Tag: "incumbent"

Posted April 16, 2010 by christopher

Stop the Cap! sounded the alarm that North Carolina is once again considering a bill to prevent competition by effectively banning communities from building their own networks.

The Communities United for Broadband Facebook page notes:

The cable industry will be pushing a bill to stop communities from investing in fiber optic infrastructure on April 21st at 9:30am in Raleigh before the Revenue Laws Committee in room 544 of the Legislative Office Building found at 46 W. Lane St, Raleigh, NC.

This bill is being pushed by the private cable and telephone companies that are threatened by the publicly owned FTTH networks already in Wilson and Salisbury. North Carolina has a number of communities that have been inspired by the Gigabit promise of Google and are considering how they can build their own network if Google does not choose them. This bill will prevent communities from building the infrastructure they need to succeed in the future.

I should note that Craig Settles is working with the Communities United for Broadband folks. They have a great slogan: Picking up Where Google Leaves Off.

Posted April 15, 2010 by christopher

From an article in the local paper about Lancaster, Pennsylvania's Google Gigabit Application:

Brogan said that if Lancaster is selected, it would not run afoul of the state Telecommunications Act. That law prohibits cities from establishing municipal broadband networks except if existing providers indicate they have no immediate plans to offer similar services.

She said the city already has a letter from Verizon clearing the way for the Google application.

Oh good, glad the city secured permission from one private company to ask a different private company to build infrastructure. In the words of Yakov Smirnoff, "What a Country!"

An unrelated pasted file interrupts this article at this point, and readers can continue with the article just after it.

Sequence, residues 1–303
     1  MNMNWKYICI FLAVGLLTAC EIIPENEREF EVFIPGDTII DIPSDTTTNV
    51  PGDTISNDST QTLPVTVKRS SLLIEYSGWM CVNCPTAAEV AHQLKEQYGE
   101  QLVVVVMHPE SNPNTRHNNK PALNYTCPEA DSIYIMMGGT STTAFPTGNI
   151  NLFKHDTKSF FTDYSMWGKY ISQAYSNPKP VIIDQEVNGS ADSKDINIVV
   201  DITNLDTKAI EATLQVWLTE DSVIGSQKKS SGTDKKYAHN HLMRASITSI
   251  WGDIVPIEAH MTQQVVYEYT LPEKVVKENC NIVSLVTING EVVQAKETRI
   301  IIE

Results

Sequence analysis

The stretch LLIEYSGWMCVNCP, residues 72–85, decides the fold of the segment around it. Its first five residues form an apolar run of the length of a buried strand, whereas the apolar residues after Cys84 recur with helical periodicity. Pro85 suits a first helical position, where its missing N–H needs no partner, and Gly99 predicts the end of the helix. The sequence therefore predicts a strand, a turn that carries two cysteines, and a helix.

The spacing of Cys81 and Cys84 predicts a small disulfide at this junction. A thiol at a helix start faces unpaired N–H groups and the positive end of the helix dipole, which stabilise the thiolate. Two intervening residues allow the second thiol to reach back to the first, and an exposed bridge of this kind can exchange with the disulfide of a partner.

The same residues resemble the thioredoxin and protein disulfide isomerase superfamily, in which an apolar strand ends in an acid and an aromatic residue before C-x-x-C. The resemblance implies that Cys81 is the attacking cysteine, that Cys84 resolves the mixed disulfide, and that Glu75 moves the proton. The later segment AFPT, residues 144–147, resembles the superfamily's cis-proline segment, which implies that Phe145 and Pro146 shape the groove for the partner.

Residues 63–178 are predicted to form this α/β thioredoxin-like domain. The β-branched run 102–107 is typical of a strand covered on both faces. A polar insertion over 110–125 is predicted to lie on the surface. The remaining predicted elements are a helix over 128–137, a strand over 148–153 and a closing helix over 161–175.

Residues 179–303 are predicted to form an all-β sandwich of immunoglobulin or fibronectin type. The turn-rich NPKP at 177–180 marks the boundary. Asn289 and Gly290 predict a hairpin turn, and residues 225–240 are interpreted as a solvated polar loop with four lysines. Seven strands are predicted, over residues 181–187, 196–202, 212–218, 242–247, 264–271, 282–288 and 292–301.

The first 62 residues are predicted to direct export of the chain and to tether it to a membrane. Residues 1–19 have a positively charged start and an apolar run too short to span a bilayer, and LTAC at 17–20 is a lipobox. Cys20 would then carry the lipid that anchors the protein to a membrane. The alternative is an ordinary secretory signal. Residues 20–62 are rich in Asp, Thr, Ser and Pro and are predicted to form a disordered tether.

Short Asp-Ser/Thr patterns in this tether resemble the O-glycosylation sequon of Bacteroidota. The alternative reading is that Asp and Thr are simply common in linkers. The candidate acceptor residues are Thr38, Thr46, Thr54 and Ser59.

Posted April 5, 2010 by christopher

Recent letters in the Chattanoogan reflect frustration with the cable incumbent, Comcast, and the ease of switching to the publicly owned EPB Fiber network. This is one of them:

My Comcast exit was very easy. Step one: Make appointment to have EPB Fiber service installed. Step two: Put all Comcast receivers and remotes in a box and hand it through the "teller" window at the Comcast office. Step 3: Ask for a receipt from the nice lady to whom I handed the box. Step 4: Receive my Comcast credit balance check in the mail and open it while watching TV on the EPBFI system. I never even had to speak to a Comcast phone rep in India.

A previous round of letters discussed several of the ways the publicly owned network is superior to Comcast, though one customer complained that EPB Fiber was too expensive, compared to Comcast's introductory and temporary rates (incumbents like Comcast typically negotiate rates in response to competition without advertising the reduced rate - so customers who are willing to haggle over the phone may find cheaper prices from a private company willing to lose money to deny customers to competition).

One reader noted how fast the local, publicly owned network installed the network.

I left shortly after that call [ordering service] and returned a couple of hours later from grocery shopping. EPB contractors had already been to my home and installed the boxes on the side of the house. Yes, super fast service.

The day the installers came to complete the inside installation, they were on time, courteous and knew just what needed to be done to complete the install. One of the men even told me of a problem with my A/C heating unit duct work underneath my home which needed to be looked about soon. The men cleaned all the areas they worked in, made sure all my services worked correctly and asked if I had any questions they could answer before they left. Both men did a fantastic job and worked quickly to complete the work.

Posted March 31, 2010 by christopher

Light Reading took an in-depth look at FairPoint's anti-competition, anti-public ownership lobbying in Maine, where it is fighting a stimulus award to a consortium that includes a public entity. We have previously covered goings-on in Maine where FairPoint is involved due to their terrible track record of offering services while pushing for rules that would prevent communities from building their own networks.